Saturday, July 22, 2017

There and back again

The only way I can describe this past week is it felt like a tunnel. A very short, narrow tunnel that must be traversed on one's knees.

I knew if we just kept plodding along, we'd get out, and be able to stretch and breathe.

Just a recap of details, since I feel a bit scattered on what information has made it past the fringes of my own mind. Dom was admitted on the 11th for the second round of chemo. Prior to admission, he'd been struggling with fevers and a rash. The chemo he receives is different from week to week. If you remember, he sailed through the first course.

This time was so very different. It knocked him flat out.  He had a fever for over a week. I cannot imagine having chemo on top of feeling poorly. He didn't just have a reaction to Bactrim. He had a very bad and possibly dangerous reaction. And then they threw the chemo at him, that as his covering doctor said, "oh yeah, that stuff, it will tear your guts out." That was his response to Dom after asking Dom how he was feeling and Dom sharing that he couldn't hold anything down for several days.

I felt helpless.

I'd cry. I'd get mad. Never at Dom. He did not ask for any of this.

But, he just endured. I searched my mind for the last time I'd felt really sick. I have the constitution the doctor expected Dom to have. I do not get sick. But, I did get sick, once, on a Saint Patrick's Day over a decade ago. I was out with friends having drinks and dinner. I had not had more than a sip of anything. I realized I was quite ill and got up. There was a very long line for the wash room, and I nearly fainted waiting. I stumbled outside, and laid in the parking lot in dirt and grease and was very sick. I picked myself up, weak as a kitten, and after a few steps, had to regroup by laying over a trash can. I kid you not when I tell you that a man who had watched this entire episode came up to me and asked me if I was there with anyone in particular or could we "hang out."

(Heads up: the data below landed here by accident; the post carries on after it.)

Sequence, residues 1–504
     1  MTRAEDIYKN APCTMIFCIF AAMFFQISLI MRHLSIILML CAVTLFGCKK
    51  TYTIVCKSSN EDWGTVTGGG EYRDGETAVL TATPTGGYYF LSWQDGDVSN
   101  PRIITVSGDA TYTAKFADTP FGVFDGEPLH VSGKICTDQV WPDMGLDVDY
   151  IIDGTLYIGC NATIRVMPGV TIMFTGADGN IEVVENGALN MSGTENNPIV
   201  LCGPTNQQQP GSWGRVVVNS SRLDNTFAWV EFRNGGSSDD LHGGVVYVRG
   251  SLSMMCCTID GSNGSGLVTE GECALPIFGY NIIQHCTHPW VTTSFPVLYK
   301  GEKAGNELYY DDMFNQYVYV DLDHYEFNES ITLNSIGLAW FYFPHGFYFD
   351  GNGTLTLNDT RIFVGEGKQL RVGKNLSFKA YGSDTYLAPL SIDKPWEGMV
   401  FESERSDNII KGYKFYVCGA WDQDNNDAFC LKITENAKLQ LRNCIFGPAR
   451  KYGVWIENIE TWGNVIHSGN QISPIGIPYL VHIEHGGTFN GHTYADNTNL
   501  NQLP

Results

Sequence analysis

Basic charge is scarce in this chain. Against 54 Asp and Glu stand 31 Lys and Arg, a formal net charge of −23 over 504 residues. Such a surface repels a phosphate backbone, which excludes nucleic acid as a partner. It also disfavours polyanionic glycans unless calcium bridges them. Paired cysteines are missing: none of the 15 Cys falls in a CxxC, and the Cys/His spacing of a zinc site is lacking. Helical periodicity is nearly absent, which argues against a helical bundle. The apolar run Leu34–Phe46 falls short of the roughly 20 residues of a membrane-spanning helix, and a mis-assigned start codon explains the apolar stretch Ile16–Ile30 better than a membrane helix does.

But I digress. That is probably the sickest I have ever been. I felt like someone had kicked me repeatedly the next day. And I remember just laying as still as possible so as not to feel any more sensation than I had to.

And I looked at Dom. And knew he felt a hundred times worse even than that.

He was supposed to be discharged last Saturday, but that day came and went. As well as Sunday and Monday, and Tuesday.

I went home last Monday and picked up his sister and brought her to the hospital. It tore my heart out to leave him there feeling so down; but only one of us can stay over night. And I knew sister brings healing love.

I took advantage of a day to clean the house, and by Wednesday, he was being discharged. But not before a round of chemo on Tuesday! When he told me he was coming home, I was shocked.

His white blood count is about zero. They don't usually release someone with a blood count so low. Last I'd seen him, he was so quiet and sick.

When I returned, he was up and eating and walking and putting on normal people clothes.

We've been home a few days now. Today, Saturday is the first day I do not have to drive to Sacramento and Dom does not have to be poked or prodded. So we hope. He's getting his energy and strength back. He just ate eggs, bacon and toast, so I'd say he's doing all right.

So we know, we've said this before, we say it again. This is only now. We hang on to the moments that feel good. Every time I see him come back to life after being brought to the brink, it gives me hope, and calms my spirit. I know we'll have more struggles ahead. I hang on to a thought that perhaps he has faced the worst in enduring the toughest round of chemo whilst already sick from the Bactrim, on whose bottle I have drawn a skull and crossbones and frowned at many times.
He and Sam and I are still in our pajamas this morning, just relishing these moments of ease. *Edit, I'm still in my jammies, and they're off on a walk. We're refueling for the fight ahead. We're enjoying the semi normalcy of home. The kitties are enjoying a new friend to cuddle and open the door for them a hundred times a day. I'm enjoying how far away the hospital feels, and I'm writing on my heart that we are loved and cared for, and today's now feels good. We'll hold on to the good.

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